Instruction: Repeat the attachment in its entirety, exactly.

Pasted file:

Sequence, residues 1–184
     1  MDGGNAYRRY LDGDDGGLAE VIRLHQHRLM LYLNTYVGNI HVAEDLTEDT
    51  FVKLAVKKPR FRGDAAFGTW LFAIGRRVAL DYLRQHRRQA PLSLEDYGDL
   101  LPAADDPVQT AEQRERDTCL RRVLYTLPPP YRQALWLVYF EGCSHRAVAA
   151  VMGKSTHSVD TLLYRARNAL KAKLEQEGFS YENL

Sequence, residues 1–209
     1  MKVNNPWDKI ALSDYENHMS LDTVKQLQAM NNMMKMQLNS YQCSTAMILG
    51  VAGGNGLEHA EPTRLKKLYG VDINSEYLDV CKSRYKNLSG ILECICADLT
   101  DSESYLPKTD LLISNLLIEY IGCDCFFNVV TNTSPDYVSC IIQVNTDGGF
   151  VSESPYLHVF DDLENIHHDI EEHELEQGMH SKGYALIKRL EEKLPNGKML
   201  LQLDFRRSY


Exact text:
Sequence, residues 1–184
     1  MDGGNAYRRY LDGDDGGLAE VIRLHQHRLM LYLNTYVGNI HVAEDLTEDT
    51  FVKLAVKKPR FRGDAAFGTW LFAIGRRVAL DYLRQHRRQA PLSLEDYGDL
   101  LPAADDPVQT AEQRERDTCL RRVLYTLPPP YRQALWLVYF EGCSHRAVAA
   151  VMGKSTHSVD TLLYRARNAL KAKLEQEGFS YENL

Sequence, residues 1–209
     1  MKVNNPWDKI ALSDYENHMS LDTVKQLQAM NNMMKMQLNS YQCSTAMILG
    51  VAGGNGLEHA EPTRLKKLYG VDINSEYLDV CKSRYKNLSG ILECICADLT
   101  DSESYLPKTD LLISNLLIEY IGCDCFFNVV TNTSPDYVSC IIQVNTDGGF
   151  VSESPYLHVF DDLENIHHDI EEHELEQGMH SKGYALIKRL EEKLPNGKML
   201  LQLDFRRSY